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The Moving Memory Project launch event Wed., January 23rd Aaron Davis Hall



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A launch event for a new festival

THE MOVING MEMORY PROJECT

“Using Our Bodies to Make New Memories
and Connect to The Past”

featuring

Stefanie Nelson Dancegroup’s
A MY NAME IS…

A physical exploration of memory and forgetting

and selected films from the
Living With Alzheimer’s Film Project
Curated by David Shenk, author of “The Forgetting”

Aaron Davis Hall

Wednesday, January 23, 2019

performances at 11am and 6:30 pm

Admission: $20

To Purchase Tickets CLICK HERE

Stefanie Nelson Dancegroup and David Shenk, bestselling author of The Forgetting: Alzheimer’s: Portrait of an Epidemic join forces to present the launch event for the new festival devoted to memory and forgetting with the special focus on Alzheimer’s. This inaugural event features, A, MY NAME IS…, a dance piece choreographed by Stefanie Nelson, exploring memory and forgetting inspired by her personal encounter with a family member’s dementia, as well as a selection of short films from the Living With Alzheimer’s Film Project, curated by David Shenk. This event will take place on January 23, 2019 at Aaron Davis Hall with performances at 11:00 am and 6:30 pm. Both shows will be followed by a discussion with invited panelists and a reception (evening show only).

The title of the dance piece A, MY NAME IS… refers to an ABC rhyming game which trains children to build their skills in coordinating physical and verbal tasks. The New York-based choreographer Stefanie Nelson tells a story of memory and forgetting in a dance featuring three female performers who might or might not be the same woman in different stages of life and a male figure personifying the unpredictable force of life’s circumstances. Reminiscent of the way through which language is acquired and then retrogrades through aging, the structure translates Nelson’s experience with a family member’s dementia into an intricately layered multidisciplinary piece. Increasingly organized phrases peak and subsequently dissolve into disorientation – a visual metaphor for memory loss. Nelson makes ample use of apple imagery as a loaded cultural reference evoking the loss of beauty and/or innocence, passage of time, gravity, and decay.
“We need this piece – desperately. I’m so grateful to Stefanie for confronting dementia with such passion and curiosity. Works like this can help the world think and talk about Alzheimer’s in important new ways,” – says David Shenk, the bestselling author of The Forgetting: Alzheimer’s: Portrait of an Epidemic who was a Special Consultant on the project.

“Joyous and heartbreaking… expansive and breathtaking… intimate and risky. The quality of the choreography and the dance itself is exquisite, while the exploration of memory loss is powerful and poignant. This stunning piece of dance theatre should not be missed.” – Adrienne Sowers, The Reviews Hub

“This heart-breaker is the only depiction of insanity that I have seen that makes any sense. I don’t know whether to congratulate Nelson for having done so with such devastating effectiveness or to hate her for confronting me with the brutal truth. See the work for yourself. Whatever price you pay, it’s worth it.” – Juan Michael Porter II, The Huffington Post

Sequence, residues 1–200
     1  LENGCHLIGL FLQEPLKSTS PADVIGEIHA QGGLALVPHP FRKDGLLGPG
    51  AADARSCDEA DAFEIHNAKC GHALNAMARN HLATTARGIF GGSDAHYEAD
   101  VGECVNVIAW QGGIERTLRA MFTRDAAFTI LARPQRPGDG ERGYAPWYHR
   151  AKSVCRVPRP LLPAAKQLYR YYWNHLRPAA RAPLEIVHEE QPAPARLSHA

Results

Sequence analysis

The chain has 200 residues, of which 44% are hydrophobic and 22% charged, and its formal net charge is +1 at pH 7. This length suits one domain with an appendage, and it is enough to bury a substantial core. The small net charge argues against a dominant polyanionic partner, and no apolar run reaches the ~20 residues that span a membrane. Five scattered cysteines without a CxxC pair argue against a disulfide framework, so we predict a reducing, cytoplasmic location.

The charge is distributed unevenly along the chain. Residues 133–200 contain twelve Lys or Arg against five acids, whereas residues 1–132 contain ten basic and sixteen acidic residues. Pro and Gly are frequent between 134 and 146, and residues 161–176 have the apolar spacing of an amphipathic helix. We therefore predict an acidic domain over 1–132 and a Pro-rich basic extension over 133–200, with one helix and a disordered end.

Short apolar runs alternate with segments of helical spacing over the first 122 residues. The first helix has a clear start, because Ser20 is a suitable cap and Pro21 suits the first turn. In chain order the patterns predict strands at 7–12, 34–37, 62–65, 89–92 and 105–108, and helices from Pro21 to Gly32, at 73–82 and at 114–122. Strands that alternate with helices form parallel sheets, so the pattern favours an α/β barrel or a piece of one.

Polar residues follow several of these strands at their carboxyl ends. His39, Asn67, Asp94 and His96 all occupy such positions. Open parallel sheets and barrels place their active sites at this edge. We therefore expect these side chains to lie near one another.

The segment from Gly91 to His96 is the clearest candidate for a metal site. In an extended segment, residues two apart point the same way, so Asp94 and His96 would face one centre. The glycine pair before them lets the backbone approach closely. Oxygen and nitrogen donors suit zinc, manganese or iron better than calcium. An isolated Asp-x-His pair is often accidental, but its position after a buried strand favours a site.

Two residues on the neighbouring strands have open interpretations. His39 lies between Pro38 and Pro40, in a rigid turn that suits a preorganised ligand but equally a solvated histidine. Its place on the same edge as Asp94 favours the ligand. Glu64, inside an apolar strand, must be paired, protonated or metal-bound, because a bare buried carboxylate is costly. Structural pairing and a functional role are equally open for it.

A, MY NAME IS… is performed by Christine Bonansea, Julia Discenza, Cameron McKinney and Emily Tellier. Additionally, Nelson brings together a team of international collaborators: the work features set design and stop-motion video by Stefanie Nelson made using photos by Elisa D’Amico (Italy), original music by composers Sahand Rahbar (Iran/Canada) and Jonah Kreitner (US), with light design by Kevin Scott (US).

Nelson’s piece will be intertwined with selections from short films from the Living With Alzheimer’s Film Project, curated by David Shenk. Among them will be UNDONE, by Hayley Morris, the winner of 2016 Jury Prize of this annual festival – a stop-motion animation inspired by the filmmaker’s grandfather, in which a drifting man struggles to pull objects from the sea below him and scrambles to keep the objects from slipping through his fingers. Another selection is Ruben Salazar’s VILLA MNEMÓSINE, a dreamlike story of a lonely woman who is concerned over some phenomena that occur in her increasingly more strange house.

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The Moving Memory Project is made possible in part with funding from the Upper Manhattan Empowerment Zone Development Corporation administered by the Lower Manhattan Cultural Council (LMCC). This program is also supported, in part, by public funds from the New York City Department of Cultural Affairs in partnership with the City Council, and the Manhattan Community Award Program (MCAP) from Manhattan Borough President Gale Brewer’s Office through the NYC Department for the Aging.

A, MY NAME IS…   is supported, in part, by public funds from the New York City Department of Cultural Affairs in partnership with the City Council; in part, with public funds from Creative Engagement, supported by New York State Council on the Arts with the support of Governor Andrew Cuomo and administered by Lower Manhattan Cultural Council; with additional support by the Barnard College Department of Dance, Exorto Danza, the Comune di Agropoli, Parco Nazionale del Cilento, Albumi e Vallo di Diano, BCC Comuni Cilentani, and Dance Italia.